Despite retailers’ continuous improvement in compliance with the Payment Card Industry (PCI) security standards, four out of five companies are still failing at interim assessments, according to Verizon’s latest report.
The report highlights that the overall state of compliance grew significantly in 2014, with 20 percent of organizations achieving full compliance – up from 11 percent in 2013, and only 7.5 percent in 2012. Nonetheless, the findings show there’s much room for growth.
Additionally, the 2015 report states the average increase in compliance per requirement was 18 percentage points. Eleven of the twelve requirements increased in average compliance, with the exception of Requirement 5, which dropped four percentage points.
Furthermore, the study also found that the most difficult requirement for companies to comply with was Requirement 11 – obliging companies to perform regular and frequent vulnerability scans to search for unaddressed security issues, scan for rogue wireless networks, carry out file integrity monitoring to identify unauthorized system changes, and implement intrusion detection systems to search for indicators of compromise.
“Requirement 11 is fundamental to ensuring that the organization is prepared for the range of attack types reported in the 2014 DBIR,” read the report.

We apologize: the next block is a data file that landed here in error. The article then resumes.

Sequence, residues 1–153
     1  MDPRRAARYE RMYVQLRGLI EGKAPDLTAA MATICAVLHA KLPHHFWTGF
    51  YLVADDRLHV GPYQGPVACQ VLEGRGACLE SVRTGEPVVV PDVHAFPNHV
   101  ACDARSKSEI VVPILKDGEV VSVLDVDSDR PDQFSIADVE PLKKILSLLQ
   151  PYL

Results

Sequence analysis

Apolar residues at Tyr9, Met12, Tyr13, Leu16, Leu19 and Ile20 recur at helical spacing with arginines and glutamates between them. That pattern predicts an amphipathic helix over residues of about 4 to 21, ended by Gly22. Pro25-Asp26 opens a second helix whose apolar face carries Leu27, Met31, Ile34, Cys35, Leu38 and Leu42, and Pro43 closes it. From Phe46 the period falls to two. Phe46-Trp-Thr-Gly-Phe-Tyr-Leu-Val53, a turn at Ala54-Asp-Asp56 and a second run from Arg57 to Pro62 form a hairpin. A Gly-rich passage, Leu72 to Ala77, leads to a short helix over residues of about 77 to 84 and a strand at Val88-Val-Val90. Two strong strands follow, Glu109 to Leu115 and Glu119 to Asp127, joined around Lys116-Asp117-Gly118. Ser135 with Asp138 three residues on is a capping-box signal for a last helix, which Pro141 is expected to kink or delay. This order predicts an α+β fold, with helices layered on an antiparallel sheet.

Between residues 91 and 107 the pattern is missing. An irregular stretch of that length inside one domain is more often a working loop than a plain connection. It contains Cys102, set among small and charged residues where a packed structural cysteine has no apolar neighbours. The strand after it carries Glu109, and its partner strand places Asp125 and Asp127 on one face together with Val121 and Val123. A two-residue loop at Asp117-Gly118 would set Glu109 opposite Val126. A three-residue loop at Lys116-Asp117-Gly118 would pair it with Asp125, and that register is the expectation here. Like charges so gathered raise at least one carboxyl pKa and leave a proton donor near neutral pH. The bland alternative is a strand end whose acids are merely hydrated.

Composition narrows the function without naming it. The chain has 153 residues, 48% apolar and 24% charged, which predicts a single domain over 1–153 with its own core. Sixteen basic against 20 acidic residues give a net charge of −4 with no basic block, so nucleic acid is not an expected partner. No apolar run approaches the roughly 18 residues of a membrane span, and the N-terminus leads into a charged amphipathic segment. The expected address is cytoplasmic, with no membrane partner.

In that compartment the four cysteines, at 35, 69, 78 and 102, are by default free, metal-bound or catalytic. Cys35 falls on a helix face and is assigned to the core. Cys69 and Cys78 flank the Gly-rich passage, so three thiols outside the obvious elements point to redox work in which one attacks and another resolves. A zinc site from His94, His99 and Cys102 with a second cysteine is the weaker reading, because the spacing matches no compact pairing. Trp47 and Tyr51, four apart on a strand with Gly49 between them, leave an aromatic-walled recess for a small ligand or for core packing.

“During post breach investigations, we found that just 9% of organizations were compliant with this requirement.”
Tripwire Senior Product Marketing Manager Katherine Brocklehurst adds these results are not surprising. “The PCI DSS 3.0 is significantly more challenging than PCI 2.0 was, and a lot of the past methods – or loopholes – of reducing scope used by organizations have been eliminated,” said Brocklehurst.
Verizon’s research is based on data gathered from more than 5,000 merchants in 30 countries, including Fortune 500 companies and large multinationals in the retail, healthcare and hospitality sector.
“Since 2009, our research for the PCI Compliance and Data Breach Investigations Reports has shown a strong correlation between compliance and data protection,” the report said.
“While compliance is no guarantee that you won’t be breached, it should reduce the likelihood — that’s why the PCI DSS exists.”